According to Perfect Illusions, Eating Disorder and Family, five to ten million American women suffer from eating disorders, which means they also are facing body image issues as well. Females can have body image issues even without being diagnosed with an eating disorder. Children can easily pick up on comments about dieting concepts that might seem harmless, such as setting a boundary to high fat foods or eating less. When girls enter their teen years, they develop perceptions about dieting can lead to body distortion. Many factors can be stimulus for weight anxieties in girls and add influence to their eating habits in harmful ways, including:

  • Mothers concerned about their own weight
  • Mothers who are overly concerned about their daughters’ weight and appearance
  • Natural weight gain and other body changes during puberty
  • Peer pressure to look a certain way
  • Struggles with self-esteem
  • Media images showing the ideal female body as thin

Many teenage girls of average weight think they are overweight and are dissatisfied with their bodies. Having risky weight concerns, and acting on those worries can harm girls’ social, physical and emotional growth. Actions such as skipping meals or taking diet pills can lead to poor nutrition and difficulty learning. Extreme efforts to lose weight might lead to eating disorders. For some girls and women, the burden to be thin can lead to a binge eating disorder and overeating can be followed by heavy guilt. Attempts to lose weight by cigarette smoking also contribute to poor health.
Signs a Child Has a Negative Body Image
Warning signs of an unhealthy body image in children can help parents recognize problems early. Parents should watch for these signs:

  • Signals that a girl values herself only in terms of her physical appearance
  • The language a daughter uses to describe herself and her physical development and attractiveness
  • Excessive dieting
  • Frequent comments about the weight of other girls
  • Worries about sexual attractiveness
  • Depression and low self-esteem

How to Talk to Kids about Weight
Encourage open dialogue: Talk with your children about weight and try to inspire them to share their thoughts and feelings about body image whenever they arise. Children need to feel supported when they want to share their feelings about their weight struggles. Be sure to listen and recognize that all feelings are real. It is okay to share your experiences if you have had body image issues. It is best to explain that children and teens come in all different shapes and sizes and support inner beauty exploration.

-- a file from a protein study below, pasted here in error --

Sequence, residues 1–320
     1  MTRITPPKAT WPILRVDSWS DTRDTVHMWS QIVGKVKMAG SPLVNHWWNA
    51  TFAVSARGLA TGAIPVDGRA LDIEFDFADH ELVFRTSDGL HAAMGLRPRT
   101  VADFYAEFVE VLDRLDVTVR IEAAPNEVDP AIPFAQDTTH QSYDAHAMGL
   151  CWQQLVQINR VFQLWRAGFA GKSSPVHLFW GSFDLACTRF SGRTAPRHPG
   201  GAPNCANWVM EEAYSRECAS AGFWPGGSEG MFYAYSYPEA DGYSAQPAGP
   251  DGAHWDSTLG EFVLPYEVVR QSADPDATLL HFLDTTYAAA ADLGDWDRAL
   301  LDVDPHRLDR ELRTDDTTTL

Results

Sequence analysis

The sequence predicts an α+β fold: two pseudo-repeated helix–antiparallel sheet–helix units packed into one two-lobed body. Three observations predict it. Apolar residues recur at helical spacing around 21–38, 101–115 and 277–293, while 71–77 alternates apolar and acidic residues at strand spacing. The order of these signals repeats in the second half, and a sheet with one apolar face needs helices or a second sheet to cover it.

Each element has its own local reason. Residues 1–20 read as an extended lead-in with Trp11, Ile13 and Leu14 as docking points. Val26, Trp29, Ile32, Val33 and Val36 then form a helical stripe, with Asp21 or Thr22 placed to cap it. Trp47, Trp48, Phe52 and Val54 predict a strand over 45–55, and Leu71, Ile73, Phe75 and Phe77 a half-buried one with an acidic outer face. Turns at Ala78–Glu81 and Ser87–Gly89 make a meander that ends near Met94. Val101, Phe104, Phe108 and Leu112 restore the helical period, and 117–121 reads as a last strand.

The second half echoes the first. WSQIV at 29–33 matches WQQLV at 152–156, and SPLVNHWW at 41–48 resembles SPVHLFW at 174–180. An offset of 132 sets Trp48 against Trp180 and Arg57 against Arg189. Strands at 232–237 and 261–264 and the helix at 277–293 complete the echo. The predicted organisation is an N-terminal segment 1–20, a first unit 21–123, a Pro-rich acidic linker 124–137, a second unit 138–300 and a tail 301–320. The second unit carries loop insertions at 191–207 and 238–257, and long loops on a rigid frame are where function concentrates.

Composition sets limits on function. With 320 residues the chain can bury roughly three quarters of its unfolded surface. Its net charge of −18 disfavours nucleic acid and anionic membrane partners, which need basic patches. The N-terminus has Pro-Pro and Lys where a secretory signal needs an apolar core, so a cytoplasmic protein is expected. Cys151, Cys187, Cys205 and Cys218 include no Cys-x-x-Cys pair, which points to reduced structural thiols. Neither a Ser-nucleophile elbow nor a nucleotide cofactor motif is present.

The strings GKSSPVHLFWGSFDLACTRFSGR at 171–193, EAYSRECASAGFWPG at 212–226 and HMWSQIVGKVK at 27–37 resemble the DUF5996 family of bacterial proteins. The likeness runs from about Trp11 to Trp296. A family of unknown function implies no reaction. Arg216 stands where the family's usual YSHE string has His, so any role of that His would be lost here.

Take action: Children learn quickly, and they learn best by example. Teach children habits that assist them to stay healthy for life. If your child is elementary age or younger and you have weight concerns, don’t talk about it negatively, rather start making lifestyle changes as a family. The goal should be to serve regular, balanced family meals and snacks. Try to reduce the time a child spends watching television or playing video games. Be creative in finding ways to spend time together actively.
A united front: Parents and other important adult relatives are should be on the same page. Mixed messages about weight can make unhealthy concerns for a child’s self-esteem.
Talk with a doctor: Speak with your family doctor privately about weight concerns without your children being present. Talk about precise concerns and solutions about a growth pattern and ask for suggestions for positive changes in your family’s eating habits and activity levels.
Seek advice: Check out local programs and professionals who specialize in youth advocacy. Look for a registered dietitian nutritionist with experience in pediatric weight management. Many hospitals and clinics have comprehensive programs with educational activities for both kids and adult family members. Some of these options may be covered by reliable health insurance plans.
Personal perceptions of weight gain for individual teens can be a struggle. All communication between parents and teens should be a fair and non-judgmental interaction; otherwise, teens will not want to talk to their parents when they most need their support. Parents need to have open communication with other teen advocates, such as family doctors and registered dietitian nutritionists to find healthy solutions to teen weight problems.


Tracy Williams has her degree in Nutrition and Dietetics from Dominican University. She enjoys freelance writing and public speaking on nutrition topics. If you want to connect with her, please feel free to contact her at